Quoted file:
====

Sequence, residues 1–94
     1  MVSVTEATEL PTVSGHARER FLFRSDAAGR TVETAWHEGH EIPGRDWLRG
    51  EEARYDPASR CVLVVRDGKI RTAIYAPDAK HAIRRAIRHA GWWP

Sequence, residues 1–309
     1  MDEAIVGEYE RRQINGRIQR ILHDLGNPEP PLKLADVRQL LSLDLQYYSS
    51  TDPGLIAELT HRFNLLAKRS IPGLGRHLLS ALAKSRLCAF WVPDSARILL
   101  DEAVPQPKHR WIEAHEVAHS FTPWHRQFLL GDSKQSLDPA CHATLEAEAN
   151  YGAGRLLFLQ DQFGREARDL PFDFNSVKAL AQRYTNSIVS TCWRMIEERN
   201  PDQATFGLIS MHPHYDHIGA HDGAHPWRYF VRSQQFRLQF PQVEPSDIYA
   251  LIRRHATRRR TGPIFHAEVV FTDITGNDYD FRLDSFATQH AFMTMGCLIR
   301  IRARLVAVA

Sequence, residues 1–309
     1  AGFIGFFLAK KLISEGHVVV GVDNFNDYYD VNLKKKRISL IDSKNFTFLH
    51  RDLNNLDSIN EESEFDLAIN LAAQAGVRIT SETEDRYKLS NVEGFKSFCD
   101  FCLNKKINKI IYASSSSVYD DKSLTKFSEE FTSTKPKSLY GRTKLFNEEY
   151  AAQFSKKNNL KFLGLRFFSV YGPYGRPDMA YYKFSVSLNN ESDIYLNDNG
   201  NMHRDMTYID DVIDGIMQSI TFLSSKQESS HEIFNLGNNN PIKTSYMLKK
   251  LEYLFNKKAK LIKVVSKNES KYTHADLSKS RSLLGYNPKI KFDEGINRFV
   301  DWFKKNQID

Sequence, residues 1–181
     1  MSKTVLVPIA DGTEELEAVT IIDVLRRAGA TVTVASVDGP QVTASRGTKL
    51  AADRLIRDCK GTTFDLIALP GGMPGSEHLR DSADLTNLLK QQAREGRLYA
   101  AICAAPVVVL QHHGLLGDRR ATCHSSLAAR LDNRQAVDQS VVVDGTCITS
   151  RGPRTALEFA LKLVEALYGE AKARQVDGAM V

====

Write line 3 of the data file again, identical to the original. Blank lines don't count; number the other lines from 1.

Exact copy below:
    51  EEARYDPASR CVLVVRDGKI RTAIYAPDAK HAIRRAIRHA GWWP